Wednesday, January 25, 2006

Birds Britannica

I am reading, with astonished interest, Mark Cocker and Richard Mabey's masterpiece. No, I have never 'twitched', but I am always happy to sight a bird. Uncommitted and half interested people like myself will have had bird guides in their hands, with their dutiful box ticking of range, plumage, song and the rest. This transcendent book is a cultural history of every bird that has been sighted in the British Isles, from Albert the Albatross to the commonest avian. The folklore, economics, rise or decline, taste when eaten: every facet of the interaction between a species and the British is recorded, along with anecdotes from particularly remarkable sightings: the birdwatcher whose captivity in a prisoner of war camp was alleviated by the chance for sustained observation of a pair of redstarts perhaps best sums up the loving attention birds have been given. Coming at the book from my 16th century specialism, that sense you get from Elizabethan literature of nature's lost plenitude is abundantly confirmed, with accounts of the numbers of now rare birds that could be trapped in previous centuries. What could England have been like, its rivers full of fish, and birds, ubiquitous, in a variety that compelled knowledge? Because of lecturing on Keats, the one bird I really felt I could test the book on was the nightingale. Everything is there, except for the fact that Beatrice Harrison is playing 'Danny Boy' to the nightingale's counter-song, in the famous first ever BBC outside broadcast - hear it on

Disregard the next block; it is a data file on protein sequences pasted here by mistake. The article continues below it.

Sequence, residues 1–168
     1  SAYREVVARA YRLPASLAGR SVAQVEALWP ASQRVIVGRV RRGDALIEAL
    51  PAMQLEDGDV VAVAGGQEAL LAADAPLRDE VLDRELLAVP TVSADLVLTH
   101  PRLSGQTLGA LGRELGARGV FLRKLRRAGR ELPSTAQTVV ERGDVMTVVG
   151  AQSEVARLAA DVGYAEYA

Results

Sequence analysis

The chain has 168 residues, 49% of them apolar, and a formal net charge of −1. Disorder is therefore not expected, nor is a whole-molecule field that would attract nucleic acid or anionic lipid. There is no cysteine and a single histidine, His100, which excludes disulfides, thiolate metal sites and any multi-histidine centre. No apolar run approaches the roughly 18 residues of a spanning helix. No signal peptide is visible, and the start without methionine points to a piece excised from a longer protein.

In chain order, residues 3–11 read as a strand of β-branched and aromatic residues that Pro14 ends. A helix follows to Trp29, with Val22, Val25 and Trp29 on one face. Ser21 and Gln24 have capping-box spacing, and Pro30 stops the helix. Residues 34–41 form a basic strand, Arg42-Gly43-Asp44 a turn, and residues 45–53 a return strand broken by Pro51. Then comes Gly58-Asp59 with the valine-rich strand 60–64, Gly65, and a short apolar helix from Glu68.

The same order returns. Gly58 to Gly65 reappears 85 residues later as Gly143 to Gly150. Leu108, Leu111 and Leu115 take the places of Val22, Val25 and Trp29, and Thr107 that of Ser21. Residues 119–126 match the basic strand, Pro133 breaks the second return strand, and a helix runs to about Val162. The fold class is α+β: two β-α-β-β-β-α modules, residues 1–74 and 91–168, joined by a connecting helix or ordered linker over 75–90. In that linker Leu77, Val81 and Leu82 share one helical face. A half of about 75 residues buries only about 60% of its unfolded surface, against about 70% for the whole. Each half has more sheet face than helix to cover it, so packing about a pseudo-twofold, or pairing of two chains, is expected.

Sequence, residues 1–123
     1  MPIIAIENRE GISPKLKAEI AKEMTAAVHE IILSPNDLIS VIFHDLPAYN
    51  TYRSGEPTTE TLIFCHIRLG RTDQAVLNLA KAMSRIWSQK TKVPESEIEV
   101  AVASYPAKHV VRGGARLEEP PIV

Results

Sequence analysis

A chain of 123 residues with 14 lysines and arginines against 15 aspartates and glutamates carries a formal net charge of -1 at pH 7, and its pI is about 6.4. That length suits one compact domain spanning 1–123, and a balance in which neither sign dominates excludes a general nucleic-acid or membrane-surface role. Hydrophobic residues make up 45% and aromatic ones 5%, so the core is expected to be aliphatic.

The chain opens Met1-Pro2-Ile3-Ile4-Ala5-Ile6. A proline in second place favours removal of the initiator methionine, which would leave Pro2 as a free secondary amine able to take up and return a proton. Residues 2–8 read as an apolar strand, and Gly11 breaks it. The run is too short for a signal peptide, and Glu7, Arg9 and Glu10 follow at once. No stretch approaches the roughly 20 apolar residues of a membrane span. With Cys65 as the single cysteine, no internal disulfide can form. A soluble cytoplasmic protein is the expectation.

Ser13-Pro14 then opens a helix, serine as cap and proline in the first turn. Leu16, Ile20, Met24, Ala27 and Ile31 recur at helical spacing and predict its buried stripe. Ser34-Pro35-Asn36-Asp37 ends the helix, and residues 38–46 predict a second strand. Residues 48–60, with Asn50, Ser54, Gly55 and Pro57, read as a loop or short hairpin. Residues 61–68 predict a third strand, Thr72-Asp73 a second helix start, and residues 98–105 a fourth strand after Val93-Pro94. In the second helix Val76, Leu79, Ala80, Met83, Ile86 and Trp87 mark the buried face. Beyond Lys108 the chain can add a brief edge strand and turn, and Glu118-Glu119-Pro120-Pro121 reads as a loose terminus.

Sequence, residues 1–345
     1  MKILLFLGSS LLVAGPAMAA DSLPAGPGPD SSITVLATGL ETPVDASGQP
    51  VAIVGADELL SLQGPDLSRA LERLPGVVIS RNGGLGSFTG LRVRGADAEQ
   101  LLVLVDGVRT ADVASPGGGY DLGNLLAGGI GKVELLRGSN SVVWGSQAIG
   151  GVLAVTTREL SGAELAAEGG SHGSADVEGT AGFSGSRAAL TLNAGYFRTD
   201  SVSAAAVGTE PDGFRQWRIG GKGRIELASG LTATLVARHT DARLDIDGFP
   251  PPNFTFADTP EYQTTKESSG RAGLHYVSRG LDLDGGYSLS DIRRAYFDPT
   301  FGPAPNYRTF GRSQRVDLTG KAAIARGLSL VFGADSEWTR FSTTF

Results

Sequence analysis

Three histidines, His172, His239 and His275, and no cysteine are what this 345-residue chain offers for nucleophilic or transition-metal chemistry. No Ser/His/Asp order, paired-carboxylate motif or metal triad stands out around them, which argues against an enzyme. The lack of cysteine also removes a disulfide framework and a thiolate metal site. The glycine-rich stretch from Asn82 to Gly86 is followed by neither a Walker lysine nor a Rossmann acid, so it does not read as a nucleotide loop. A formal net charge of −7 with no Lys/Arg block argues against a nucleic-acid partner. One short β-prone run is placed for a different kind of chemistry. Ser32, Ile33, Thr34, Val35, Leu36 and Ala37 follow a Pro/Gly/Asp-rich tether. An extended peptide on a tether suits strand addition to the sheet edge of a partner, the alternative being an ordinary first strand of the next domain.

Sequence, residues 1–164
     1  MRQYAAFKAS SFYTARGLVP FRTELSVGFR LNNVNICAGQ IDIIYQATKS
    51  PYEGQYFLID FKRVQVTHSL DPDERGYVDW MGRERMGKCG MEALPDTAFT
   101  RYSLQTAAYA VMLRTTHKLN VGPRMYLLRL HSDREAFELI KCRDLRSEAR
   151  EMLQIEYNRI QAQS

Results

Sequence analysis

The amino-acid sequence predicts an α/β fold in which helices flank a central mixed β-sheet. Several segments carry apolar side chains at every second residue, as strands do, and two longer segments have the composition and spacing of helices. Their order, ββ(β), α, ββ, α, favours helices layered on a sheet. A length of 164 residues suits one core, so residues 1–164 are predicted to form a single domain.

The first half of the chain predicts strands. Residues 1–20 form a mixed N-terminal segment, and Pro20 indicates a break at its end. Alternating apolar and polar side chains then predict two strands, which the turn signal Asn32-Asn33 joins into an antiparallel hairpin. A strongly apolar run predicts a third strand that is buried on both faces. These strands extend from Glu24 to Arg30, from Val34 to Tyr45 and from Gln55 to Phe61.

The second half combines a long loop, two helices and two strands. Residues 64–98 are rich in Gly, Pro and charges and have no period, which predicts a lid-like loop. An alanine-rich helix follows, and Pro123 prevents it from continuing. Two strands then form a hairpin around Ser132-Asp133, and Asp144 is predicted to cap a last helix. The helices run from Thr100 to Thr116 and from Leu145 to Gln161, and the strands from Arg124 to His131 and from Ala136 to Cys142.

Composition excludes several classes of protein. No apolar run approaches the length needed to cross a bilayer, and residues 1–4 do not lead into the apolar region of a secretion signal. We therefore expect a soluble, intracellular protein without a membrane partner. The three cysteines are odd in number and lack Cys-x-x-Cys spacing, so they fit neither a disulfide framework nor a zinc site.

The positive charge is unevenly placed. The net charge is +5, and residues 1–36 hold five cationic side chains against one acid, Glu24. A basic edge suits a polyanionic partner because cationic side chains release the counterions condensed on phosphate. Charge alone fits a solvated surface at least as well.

Anyway, at £21 from Amazon, this is a fantastically enriching book.

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